Magnetic Resonance Imaging (MRI)

ARA Health partners with Mission Health to offer the best of the best in MRI technology. Our subspecialty-trained radiologists continually have an eye toward the latest innovations to ensure our patients have access to state-of-the-art imaging paired with advanced care and communication platforms, streamlining delivery of results and possible treatment plans.


About Magnetic Resonance Imaging (MRI)

Magnetic resonance imaging (MRI) uses powerful magnets and radio waves to produce detailed, cross-sectional images of the body's organs and soft tissue. MRI can detect tumors, torn ligaments, brain abnormalities, and many other potential health issues. MRI is noninvasive and does not use ionizing radiation.

MRI technology is commonly used in the following imaging studies:

MRI can be used to evaluate joint abnormalities caused by traumatic or repetitive injuries, disk abnormalities in the spine, and bone infections. These scans can also help diagnose tumors of the bones and soft tissues.

› Learn more about image-guided biopsy for bone cancer.
› Learn more about minimally invasive treatment options for bone cancer.
MRI is often used to help diagnose abnormalities or injuries in the brain or spinal cord, including aneurysm, multiple sclerosis, spinal cord disorders, stroke, tumors, and traumatic brain injury, as well as disorders of the eye and inner ear.

› Learn more about how our specialists can treat stroke, tumors, and aneurysm.
MRI of the breast allows radiologists detailed visualization of the breast's structures. It can provide invaluable information in the detection and characterization of breast cancer, able to highlight small tumors or suspicious areas of the breast that may not be visible on other imaging modalities. MRI also can be used to assess benign conditions such as fibrocystic breast disease or fibroadenomas, which can sometimes be confused with cancer.

› Learn more about breast health and screening for breast cancer.
MRI is most commonly used to provide physicians with a close look at the heart. MRI can detect and diagnose inflammation or blockages in the surrounding blood vessels, assess the size and function of the heart's chambers, and detect aneurysm and dissections.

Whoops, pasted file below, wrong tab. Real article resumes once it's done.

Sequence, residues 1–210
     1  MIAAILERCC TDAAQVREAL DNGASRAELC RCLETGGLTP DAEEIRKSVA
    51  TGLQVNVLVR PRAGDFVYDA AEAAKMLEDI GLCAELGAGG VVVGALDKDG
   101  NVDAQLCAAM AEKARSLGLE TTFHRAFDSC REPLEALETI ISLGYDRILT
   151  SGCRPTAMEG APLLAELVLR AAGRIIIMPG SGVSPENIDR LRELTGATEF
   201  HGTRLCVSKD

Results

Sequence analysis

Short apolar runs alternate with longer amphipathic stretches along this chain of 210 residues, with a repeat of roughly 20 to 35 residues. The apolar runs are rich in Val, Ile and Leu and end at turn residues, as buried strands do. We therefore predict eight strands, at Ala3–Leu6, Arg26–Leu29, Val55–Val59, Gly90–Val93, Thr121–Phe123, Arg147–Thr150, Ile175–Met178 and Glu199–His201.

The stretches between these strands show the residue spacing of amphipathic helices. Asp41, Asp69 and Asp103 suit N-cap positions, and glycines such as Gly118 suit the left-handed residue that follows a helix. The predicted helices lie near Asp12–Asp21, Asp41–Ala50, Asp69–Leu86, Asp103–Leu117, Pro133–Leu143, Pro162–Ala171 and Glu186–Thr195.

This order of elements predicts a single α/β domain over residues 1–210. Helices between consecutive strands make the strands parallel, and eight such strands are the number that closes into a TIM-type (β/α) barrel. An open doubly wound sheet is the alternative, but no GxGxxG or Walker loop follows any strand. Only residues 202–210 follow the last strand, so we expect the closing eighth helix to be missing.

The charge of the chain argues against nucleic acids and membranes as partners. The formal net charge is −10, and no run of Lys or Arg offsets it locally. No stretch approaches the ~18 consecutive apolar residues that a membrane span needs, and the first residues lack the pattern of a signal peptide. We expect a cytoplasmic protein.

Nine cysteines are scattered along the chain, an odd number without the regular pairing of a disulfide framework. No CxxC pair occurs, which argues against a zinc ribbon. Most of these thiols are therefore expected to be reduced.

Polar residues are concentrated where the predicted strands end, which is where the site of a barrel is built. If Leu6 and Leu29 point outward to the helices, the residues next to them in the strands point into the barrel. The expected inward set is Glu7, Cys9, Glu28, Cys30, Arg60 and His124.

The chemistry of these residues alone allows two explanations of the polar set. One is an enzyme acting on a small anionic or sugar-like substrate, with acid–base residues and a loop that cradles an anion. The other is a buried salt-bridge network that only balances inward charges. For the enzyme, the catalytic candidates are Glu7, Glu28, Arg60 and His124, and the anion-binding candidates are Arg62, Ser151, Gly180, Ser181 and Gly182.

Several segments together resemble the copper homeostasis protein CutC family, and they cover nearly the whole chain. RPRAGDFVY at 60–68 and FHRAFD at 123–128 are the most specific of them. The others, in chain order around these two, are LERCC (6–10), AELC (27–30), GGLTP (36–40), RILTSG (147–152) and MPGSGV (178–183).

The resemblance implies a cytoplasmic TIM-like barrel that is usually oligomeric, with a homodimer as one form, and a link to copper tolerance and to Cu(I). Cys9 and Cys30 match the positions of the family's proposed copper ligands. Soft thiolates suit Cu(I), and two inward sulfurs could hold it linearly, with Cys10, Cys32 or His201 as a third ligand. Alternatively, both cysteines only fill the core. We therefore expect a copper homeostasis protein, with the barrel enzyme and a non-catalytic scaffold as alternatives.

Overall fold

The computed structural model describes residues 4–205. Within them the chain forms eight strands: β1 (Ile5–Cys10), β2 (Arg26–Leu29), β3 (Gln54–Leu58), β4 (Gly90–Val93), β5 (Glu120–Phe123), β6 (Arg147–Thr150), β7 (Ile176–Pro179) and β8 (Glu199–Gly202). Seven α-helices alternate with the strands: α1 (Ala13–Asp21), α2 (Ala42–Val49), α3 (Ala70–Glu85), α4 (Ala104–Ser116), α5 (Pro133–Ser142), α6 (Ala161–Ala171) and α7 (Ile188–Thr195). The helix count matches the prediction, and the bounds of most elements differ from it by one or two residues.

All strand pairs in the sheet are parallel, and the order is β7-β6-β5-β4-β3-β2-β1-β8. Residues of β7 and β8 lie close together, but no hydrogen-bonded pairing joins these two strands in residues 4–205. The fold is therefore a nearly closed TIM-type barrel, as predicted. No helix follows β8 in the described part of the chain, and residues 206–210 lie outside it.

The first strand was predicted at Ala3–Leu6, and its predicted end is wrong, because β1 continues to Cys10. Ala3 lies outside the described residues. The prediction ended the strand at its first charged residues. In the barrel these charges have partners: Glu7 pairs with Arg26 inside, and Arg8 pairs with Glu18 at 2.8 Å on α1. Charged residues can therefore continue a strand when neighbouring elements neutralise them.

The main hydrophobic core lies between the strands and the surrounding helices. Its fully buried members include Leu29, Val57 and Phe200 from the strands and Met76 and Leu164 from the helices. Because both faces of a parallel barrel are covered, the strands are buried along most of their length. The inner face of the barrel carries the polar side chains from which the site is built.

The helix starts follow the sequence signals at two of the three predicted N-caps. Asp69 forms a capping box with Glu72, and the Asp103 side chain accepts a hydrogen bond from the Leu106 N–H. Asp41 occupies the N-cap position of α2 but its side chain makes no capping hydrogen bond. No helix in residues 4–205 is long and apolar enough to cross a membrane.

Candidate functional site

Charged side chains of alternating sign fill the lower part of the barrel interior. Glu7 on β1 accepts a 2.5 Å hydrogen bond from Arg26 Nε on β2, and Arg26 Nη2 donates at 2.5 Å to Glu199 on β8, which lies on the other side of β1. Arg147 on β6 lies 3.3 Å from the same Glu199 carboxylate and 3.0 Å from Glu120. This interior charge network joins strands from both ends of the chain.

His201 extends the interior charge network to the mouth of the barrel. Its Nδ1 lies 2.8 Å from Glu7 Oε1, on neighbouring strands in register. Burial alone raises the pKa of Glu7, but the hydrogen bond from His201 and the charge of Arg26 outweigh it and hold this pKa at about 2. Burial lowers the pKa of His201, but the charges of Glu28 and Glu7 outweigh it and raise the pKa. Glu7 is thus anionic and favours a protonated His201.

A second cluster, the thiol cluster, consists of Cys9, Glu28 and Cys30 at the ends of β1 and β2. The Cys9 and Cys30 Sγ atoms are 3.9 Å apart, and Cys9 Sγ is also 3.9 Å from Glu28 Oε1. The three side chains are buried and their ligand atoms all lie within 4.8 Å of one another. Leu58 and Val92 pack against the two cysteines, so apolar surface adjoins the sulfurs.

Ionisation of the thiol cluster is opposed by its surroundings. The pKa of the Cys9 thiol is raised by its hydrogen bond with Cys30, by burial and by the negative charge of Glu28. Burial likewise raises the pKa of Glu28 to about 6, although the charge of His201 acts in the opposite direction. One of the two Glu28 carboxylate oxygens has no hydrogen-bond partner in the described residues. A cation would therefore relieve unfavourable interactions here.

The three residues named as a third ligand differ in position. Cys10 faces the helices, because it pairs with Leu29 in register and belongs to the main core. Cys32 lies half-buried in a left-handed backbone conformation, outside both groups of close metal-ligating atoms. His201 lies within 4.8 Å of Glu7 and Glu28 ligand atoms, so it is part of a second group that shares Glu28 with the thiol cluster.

› Learn more about our treatment options for stroke and aneurysm.
MRI may be used to detect a list of disorders affecting the body's organs, including the liver, kidneys, lungs, spleen, uterus, ovaries, prostate, and intestines.

› Learn more about image-guided biopsy for cancers of the liver, kidneys, and lungs.
› Learn more about minimally invasive treatment options for liver, kidney, and lung cancers and tumors.

You have questions. We have answers.

Below you'll find answers to some of the questions we are commonly asked by patients. Please contact our ARA Cares Coordinator at (828) 436-5500 with any additional questions or concerns.

How do I prepare for MRI?
MRI is safe, painless, and entirely comfortable for most people. Please talk to your doctor at the time of scheduling if you are concerned about anxiety or claustrophobia, as a sedative may be prescribed to reduce stress or anxiety.

Please advise your doctor and MRI technician if you have any metal in your body (pacemakers, shrapnel, implants, surgical plates or screws, etc.) or if you have tattoos. Please leave all jewelry at home.

Depending on the type of study being performed, you may be asked not to eat or drink anything for up to six hours prior to the test. If you are having an MRI with contrast material, you will need to fast for eight hours before the test.
What can I expect during the MRI?
You will be given a gown to wear during the procedure, as well as ear plugs or ear muffs to reduce the noise level and protect your hearing during the MRI (the scan can be a bit loud). Once ready, you will lie on a narrow table that slides into a large cylinder (tube) with a strong magnetic field. The exam is painless and generally takes less than an hour to complete, but please allow for 30 to 60 minutes of waiting time before the test.